In case you missed it: Twitter devours Geoffrey Miller over fat-shaming tweet
Dr. Geoffrey Miller of University of New Mexico tweeted the incendiary comment above on June 2nd around 2:30pm EST. Miller, an associate professor at UNM who is currently a visiting professor at New York University Stern School of Business, was quick to delete the tweet but not after it had already been transmitted and retweeted by some high impact social media scientists.
No more than six hours later did Miller issue his two-tweet apology. Many Twitter users found the apology to be too little, too late.
@matingmind It did reflect who you are. Your twitter feed proves it even further.
— Amanda Levitt (@FatBodyPolitics) June 3, 2013
— Hillary Kwiatek (@hillarykwiatek) June 3, 2013
@matingmind you're a coward, a bigot, and a liar.
— Your Real Name (@mazzie) June 3, 2013
To make matters worse, the original deleted tweet did reflect Miller's true views, values, and standards (e.g. believing obese people wouldn't have the willpower to propose/write/defend a dissertation). And as a professor who has sat on graduate committees (based on page 17 of his CV), it would be foolish to believe he didn't use superficial traits such as weight or size of a person as selection criteria. Worst of all, Miller sat on the UNM Admissions Committee from 2007-2008 (CV page 21), which implies Miller's potential rejections to those who he didn't see "fit".
Other Twitter academics have noted the very possible lawsuit for discrimination against Miller and UNM. Cognitive neuroscientist Chris Chambers (@chrisdc77) has publicly shown his letter written to UNM's psychology department chair. Some have even discovered Miller's thoughts on the benefits of modern day eugenics via his personal blog posts (it ends with the sentence How can we help [the Chinese] and how can they help us create a brave new world [through eugenics]?). As someone who surveyed strippers for two months (presumably funded), and has dedicated most of his life to writing glorified self-help books on sex, it's not hard to see why he just down-right doesn't think fat people can exist on this planet. Then again, if I don't find something attractive, I don't call for a eugenics call-to-arms in order to eliminate said unattractiveness. Let alone, tweet a highly insensitive statement that can ultimately end my career as a public academic.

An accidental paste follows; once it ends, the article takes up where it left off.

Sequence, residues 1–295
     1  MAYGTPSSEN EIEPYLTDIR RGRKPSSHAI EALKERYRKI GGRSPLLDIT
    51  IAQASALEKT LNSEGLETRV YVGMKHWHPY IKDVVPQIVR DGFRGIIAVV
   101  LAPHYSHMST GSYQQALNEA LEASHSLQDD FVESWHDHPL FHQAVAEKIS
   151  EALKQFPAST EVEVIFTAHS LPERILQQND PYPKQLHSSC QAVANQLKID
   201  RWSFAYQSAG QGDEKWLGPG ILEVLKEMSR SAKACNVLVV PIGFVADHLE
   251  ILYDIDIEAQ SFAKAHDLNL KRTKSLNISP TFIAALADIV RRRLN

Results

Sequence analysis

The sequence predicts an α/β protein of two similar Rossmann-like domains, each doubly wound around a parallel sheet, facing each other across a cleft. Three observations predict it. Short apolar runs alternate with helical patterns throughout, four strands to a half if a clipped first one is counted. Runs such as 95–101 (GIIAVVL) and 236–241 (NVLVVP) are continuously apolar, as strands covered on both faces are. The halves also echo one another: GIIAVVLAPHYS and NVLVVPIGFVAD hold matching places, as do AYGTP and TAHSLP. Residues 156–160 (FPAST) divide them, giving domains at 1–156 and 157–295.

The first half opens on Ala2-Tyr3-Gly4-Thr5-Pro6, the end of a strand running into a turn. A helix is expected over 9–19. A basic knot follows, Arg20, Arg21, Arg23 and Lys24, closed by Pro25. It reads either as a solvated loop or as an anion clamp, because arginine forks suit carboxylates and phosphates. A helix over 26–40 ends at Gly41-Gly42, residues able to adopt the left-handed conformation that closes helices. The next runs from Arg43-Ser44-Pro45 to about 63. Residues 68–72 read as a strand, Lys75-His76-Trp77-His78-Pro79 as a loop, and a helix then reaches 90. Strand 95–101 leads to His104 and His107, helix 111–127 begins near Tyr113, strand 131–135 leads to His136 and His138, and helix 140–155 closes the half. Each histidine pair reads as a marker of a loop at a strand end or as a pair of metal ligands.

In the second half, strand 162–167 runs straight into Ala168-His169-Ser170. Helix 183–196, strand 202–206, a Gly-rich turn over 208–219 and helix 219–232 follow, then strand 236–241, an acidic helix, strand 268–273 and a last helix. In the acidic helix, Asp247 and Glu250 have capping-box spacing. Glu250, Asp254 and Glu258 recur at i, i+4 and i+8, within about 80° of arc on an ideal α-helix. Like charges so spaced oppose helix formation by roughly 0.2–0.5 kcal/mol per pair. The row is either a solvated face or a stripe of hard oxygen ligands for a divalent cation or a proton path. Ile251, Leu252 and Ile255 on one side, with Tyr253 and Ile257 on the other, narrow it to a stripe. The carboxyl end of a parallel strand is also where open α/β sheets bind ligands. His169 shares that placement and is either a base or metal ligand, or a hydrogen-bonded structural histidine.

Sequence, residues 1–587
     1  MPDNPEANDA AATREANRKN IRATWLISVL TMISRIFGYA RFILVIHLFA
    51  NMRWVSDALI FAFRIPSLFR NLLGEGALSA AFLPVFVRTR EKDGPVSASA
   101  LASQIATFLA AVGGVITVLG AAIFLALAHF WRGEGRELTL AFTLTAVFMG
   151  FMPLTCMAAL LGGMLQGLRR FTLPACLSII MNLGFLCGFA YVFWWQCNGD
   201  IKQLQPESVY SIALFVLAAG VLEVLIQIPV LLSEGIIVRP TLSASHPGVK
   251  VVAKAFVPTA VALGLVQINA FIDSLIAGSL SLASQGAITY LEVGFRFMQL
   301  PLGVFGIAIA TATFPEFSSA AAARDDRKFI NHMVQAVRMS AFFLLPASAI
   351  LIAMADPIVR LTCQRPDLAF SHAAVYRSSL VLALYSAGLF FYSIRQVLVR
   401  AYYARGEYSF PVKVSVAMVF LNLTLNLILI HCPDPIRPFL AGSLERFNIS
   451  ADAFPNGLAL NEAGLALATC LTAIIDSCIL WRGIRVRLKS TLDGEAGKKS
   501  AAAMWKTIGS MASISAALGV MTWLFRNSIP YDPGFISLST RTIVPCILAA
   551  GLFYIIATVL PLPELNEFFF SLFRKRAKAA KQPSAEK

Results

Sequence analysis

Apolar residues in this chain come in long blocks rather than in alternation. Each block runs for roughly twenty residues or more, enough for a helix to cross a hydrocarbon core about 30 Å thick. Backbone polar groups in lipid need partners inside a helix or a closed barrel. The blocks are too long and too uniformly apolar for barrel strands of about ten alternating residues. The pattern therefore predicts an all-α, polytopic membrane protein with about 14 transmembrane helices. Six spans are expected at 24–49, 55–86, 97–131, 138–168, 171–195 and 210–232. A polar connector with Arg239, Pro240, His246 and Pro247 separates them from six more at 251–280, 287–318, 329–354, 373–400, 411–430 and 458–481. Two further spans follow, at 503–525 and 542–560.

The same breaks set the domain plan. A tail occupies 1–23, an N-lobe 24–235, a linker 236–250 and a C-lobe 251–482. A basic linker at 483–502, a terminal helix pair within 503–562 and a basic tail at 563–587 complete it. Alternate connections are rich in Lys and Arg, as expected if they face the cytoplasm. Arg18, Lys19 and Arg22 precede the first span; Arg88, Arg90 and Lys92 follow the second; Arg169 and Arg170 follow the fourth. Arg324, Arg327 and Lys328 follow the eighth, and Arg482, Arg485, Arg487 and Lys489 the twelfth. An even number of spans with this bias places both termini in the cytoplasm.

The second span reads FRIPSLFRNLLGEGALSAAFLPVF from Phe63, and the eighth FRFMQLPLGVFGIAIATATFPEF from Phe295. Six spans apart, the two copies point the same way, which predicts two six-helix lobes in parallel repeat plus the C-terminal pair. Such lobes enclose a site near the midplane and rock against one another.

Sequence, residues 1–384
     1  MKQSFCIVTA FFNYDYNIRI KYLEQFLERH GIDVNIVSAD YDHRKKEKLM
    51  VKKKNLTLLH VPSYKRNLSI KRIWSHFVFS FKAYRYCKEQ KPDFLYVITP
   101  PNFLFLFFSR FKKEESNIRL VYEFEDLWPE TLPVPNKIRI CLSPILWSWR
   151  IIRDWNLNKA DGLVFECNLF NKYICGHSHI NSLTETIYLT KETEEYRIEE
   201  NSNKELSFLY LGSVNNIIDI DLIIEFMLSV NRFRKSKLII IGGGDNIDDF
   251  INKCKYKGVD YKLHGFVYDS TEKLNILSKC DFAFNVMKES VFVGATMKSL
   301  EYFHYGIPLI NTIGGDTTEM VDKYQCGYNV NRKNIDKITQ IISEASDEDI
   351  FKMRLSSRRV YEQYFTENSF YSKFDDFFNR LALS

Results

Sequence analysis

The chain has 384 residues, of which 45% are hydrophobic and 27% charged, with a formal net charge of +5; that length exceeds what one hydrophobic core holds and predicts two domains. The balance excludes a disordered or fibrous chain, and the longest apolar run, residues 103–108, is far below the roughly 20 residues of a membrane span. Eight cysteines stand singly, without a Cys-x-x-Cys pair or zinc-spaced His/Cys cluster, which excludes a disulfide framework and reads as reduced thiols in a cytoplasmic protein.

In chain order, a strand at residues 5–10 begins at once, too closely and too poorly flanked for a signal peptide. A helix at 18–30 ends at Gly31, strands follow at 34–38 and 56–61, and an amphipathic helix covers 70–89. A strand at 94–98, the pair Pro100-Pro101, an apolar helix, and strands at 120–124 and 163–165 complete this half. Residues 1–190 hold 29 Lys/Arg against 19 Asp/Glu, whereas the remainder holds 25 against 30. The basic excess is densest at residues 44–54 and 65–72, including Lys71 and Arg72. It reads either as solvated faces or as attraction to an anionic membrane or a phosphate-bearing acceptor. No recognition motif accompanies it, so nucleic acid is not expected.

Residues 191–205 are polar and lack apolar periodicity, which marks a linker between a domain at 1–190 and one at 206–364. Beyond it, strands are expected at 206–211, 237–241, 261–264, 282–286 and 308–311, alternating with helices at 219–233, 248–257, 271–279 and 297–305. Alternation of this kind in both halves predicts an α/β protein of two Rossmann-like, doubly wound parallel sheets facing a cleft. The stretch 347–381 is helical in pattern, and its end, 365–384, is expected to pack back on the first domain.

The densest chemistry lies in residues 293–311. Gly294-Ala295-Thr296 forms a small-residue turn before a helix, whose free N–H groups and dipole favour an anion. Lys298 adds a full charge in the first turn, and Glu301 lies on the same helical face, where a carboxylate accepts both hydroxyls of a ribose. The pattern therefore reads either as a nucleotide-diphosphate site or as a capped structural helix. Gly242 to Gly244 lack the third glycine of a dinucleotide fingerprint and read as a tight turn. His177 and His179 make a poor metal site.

As my Twitter buddy and fellow cognitive neuroscientist Bradley Voytek said, I hope he -- and everyone involved -- learned his lesson. As Miller's CV proclaims, he's been working as a Ph.D scientist since he got his degree from Stanford in 1994. That's almost two decades of work, all rattled by 138-characters. Lesson learned.
Update: 9pm EST, 6/3/2013
University of New Mexico has issued a statement regarding Miller's fat-shaming tweet. Their response:
The University of New Mexico administration and faculty were surprised by Dr. Geoffrey Miller’s tweet. We are deeply concerned about the impact of the statement, which in no way reflects the policies or admission standards of UNM. We are investigating every aspect of this incident and will take appropriate action.
When UNM’s Department chair learned of the tweet, she contacted Professor Miller, who is currently on unpaid leave from UNM while at NYU. He told her that his comment on Twitter was part of a research project. We are looking into the validity of this assertion, and will take appropriate measures. As members of the UNM community, we are all responsible for demonstrating good judgment when using social media or other communications vehicles.
Of course, this implies that Miller's project went through the same process as all other science research projects -- including the very important institutional review board, which reviews all projects under the banner of an institution and awards those which are positive for the institution and also ethically sound.
I'm not exactly too sure if fat-shaming falls under the grounds of an ethically sound project, but then again... Milgram's shock experiment exists.
This post uses some links presented in NYMag.com's article on the same event.
This is an ongoing event, so this post may update when updates occur.